I just commented on your previous posting about my thoughts of TSN adopting the ESPN model for their radio stations. All information and content that I referred to was accessed on-line. As I type this, I am listening to WMVP 1000 from Chicago, but if I become too depressed listening to the Bears post mortem (life-long Bears fan…Packers, grrrrrr), I can easily listen live to another ESPN local affiliates’ content, or I can switch to ESPN’s national offering “The Herd”. This makes it easier on each local station in terms of hiring staff at each station. I love how easy it is to “rewind” the live radio feed to replay a segment that just played, and with one click (no drag) you get back instantly to the live feed.

My apologies if this info is well known or assumed by others who visit this site, as I just had the opportunity to explore the ESPN on-line offerings for the first time over the past couple of days. One comment is that ESPN could tweak their radio station websites slightly in order to improve site navigation between the local and national content.

January 24, 2011 11:26 am

I agree – Twitter is the way to go to find out about breaking sports news. An interesting question, though, is who does one follow to get such news? I tend towards feeds that don’t update too often but have the big news and some decent analysis without overdoing it. A mix of Canadian and American-based feeds.

I have a few favourites although CBC’s Friedman is at or close to the top. I stopped following Brady because while he can be entertaining, WAY too many tweets. Arthur I keep because while at times annoying he links to a lot of good stuff, sports and non-sports. I stay away from TSN because they tweet far too much about junior hockey.

If one is to assume that Twitter is where most people start for news, should an individual host/analysts/reporters feed be “owned” by the individual or the employer? How much personal stuff should be on there?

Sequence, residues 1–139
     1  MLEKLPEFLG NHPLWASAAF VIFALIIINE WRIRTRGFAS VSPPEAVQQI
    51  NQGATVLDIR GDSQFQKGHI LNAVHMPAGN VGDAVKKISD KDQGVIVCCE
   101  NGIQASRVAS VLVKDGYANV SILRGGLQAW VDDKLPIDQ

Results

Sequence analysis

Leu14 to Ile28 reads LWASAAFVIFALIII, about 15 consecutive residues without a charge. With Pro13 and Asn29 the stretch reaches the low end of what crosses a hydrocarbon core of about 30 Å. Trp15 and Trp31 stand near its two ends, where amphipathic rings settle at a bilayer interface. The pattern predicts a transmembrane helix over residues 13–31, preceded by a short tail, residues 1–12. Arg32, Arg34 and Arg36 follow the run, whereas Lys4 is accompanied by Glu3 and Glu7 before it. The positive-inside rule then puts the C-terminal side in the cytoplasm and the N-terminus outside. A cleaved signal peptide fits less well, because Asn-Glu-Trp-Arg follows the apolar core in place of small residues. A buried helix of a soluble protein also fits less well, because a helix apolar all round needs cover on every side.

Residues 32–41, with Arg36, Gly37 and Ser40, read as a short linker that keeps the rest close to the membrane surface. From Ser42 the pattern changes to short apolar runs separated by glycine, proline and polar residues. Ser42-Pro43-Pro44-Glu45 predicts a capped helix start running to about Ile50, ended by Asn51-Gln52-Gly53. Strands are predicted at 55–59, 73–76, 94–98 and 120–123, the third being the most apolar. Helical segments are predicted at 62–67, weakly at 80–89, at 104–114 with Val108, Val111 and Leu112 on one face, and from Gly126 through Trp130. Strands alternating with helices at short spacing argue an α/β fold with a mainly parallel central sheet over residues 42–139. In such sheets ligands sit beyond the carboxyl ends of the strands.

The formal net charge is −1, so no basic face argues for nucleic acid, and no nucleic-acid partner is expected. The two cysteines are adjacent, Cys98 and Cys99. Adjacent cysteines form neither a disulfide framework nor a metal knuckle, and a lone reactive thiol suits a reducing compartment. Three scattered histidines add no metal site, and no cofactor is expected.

Also, should a network or an entity offer three or four feeds based on how detailed the feed is?
Although a very interesting question that I’m thinking about now is – if you are a reporter/ana

mike (in boston)
mike (in boston)
January 24, 2011 2:55 pm

if you’re going to talk websites then the FAN has to be mentioned as severely lagging behind. there was no update on the main page about the VW trade over the weekend at all. that’s pathetic. it’s not a top destination and given that they are the only sports radio station in town, that’s bad. they should be updating their website all day.

also, in typical rogers fashion, their iPhone app only works on Rogers iPhones, and won’t work at all on the iPod touch. mobile apps are becoming a great way to keep up with the local teams (see the WEEI app) and the FAN’s offering is pretty woeful.

as far as other sites go, i’ve never been to snet’s website and i agree that TSN’s is not very well laid out. i check globesports and the Star often, but i rely mostly on blogs and fansites for discussion and analysis.

The Meatriarchy
January 24, 2011 3:57 pm

Mike (in Boston) you are right about the Fan Website but then most sports radio websites are pretty awful.

Tommy D.
Tommy D.
January 24, 2011 5:01 pm

Hey Mike (in Boston)..I too was annoyed that Rogers restricted their radio app to Rogers iPhones as I have an iPod Touch. Now it seems they have had a change of heart. I downloaded it again recently and it works on my iPod Touch.

Mike S
Mike S
January 24, 2011 5:22 pm

I like the Yahoo Sports website a lot………….I also go to the TSN website a fair amount…………I almost never go to the Sportsnet website.